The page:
If Goldilocks thought she had a tough time, she should try pricing an app. Priced too high and you won’t get enough users; priced too low and you won’t generate enough revenue. So, how do you find that “mama bear” price point?
What Goldilocks didn’t have, but you do, are some tried-and-true pricing strategies you can adopt right out of the gate.
Before we explore the various pricing models and how to choose one that’s right for your app, let’s get onto the same page…
A pricing strategy refers to the methodology for determining the price of a product. Besides the actual cost of producing the product and the value customers get from it, a pricing strategy also takes into account market demand, consumer perception, and the psychology of pricing to find that sweet spot.
To determine the most effective pricing strategy for your app, consider your brand’s pricing position, pricing segment, and pricing capability, as well as how your competitors may react. Account for various expenses, such as overhead, production, and marketing costs, then add a percentage so you can make a profit.
An effective pricing strategy optimizes both sales volume and profit for long-term success. It signals how much your app is worth to users and provides a tangible cue about the value it delivers. Bottom line: without a sustainable pricing strategy, you can’t stay in business for long.
Just like an app should be a part of your overall business and marketing strategy, its pricing should support your long-term goals. Here are the most common pricing strategies for apps and what you should know about them:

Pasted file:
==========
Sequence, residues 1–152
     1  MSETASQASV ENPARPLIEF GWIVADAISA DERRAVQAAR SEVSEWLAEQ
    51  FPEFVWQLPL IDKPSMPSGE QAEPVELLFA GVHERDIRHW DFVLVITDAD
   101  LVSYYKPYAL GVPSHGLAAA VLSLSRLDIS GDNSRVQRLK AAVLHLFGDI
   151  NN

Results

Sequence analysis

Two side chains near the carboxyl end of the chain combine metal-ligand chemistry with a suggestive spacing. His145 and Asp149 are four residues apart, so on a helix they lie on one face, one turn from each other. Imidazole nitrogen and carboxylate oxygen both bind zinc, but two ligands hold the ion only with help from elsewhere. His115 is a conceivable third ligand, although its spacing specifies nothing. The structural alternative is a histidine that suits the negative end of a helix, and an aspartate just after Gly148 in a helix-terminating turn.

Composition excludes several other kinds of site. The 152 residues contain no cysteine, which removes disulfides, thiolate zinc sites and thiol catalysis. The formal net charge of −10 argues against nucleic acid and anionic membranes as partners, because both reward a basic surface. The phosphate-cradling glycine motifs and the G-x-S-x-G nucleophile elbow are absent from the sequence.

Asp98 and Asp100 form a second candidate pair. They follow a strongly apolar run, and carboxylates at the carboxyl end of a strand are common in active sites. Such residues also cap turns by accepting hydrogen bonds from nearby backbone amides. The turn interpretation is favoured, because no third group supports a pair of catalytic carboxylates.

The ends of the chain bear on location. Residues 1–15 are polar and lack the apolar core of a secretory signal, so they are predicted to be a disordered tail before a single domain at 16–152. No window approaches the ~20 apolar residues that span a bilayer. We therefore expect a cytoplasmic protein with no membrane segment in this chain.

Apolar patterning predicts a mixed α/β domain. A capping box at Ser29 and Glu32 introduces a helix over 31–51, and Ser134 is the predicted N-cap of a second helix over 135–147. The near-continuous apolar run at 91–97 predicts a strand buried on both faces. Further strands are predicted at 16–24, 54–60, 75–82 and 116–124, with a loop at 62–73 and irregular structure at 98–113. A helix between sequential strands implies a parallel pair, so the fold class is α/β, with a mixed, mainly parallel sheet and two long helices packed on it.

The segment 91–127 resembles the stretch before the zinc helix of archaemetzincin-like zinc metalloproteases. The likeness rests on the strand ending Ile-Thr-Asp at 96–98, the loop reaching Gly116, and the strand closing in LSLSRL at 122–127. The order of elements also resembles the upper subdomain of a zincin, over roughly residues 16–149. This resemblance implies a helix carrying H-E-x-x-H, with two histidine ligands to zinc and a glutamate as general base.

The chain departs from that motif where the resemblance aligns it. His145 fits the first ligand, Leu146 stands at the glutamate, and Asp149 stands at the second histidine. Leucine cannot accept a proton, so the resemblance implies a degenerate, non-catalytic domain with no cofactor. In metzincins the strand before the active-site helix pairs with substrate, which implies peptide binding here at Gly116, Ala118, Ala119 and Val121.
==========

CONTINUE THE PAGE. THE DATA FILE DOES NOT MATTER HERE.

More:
Who doesn’t like getting free stuff? But how does giving away an app benefit your business?
Free apps cost users nothing, so it’s easier to get more downloads. You can generate revenue by selling in-app advertisements. Many companies also offer free apps as an extension of their product or services. You can use free apps to build brand awareness, provide customer service, enhance the shopping experience, increase customer engagement, cultivate customer loyalty, and collect user data to help you achieve other business objectives.
What’s the catch? If you rely on in-app ad revenues, you need to gain users quickly and keep them engaged. You can increase the relevance of the ads using Google AdMob. The software helps you customize and monitor users’ responses to avoid annoying them with irrelevant promotions.
Users can download these apps for free, but they can only use the app for a limited time or access limited features. There are typically three freemium models: users pay to access premium features, move up in levels (e.g., in gaming apps,) and use in-app currency; users can access all the functionalities for free but only for a limited time, so they have to pay to continue using the app; users can pay a one-time fee to remove in-app ads.
What’s the catch? A freemium app can get more downloads and let potential customers try the features before they buy. However, some people expect a free app to have full functionality, so they may get disappointed or frustrated when they have to pay. Also, you need to invest in continuous upgrades and enhancements to attract paid users.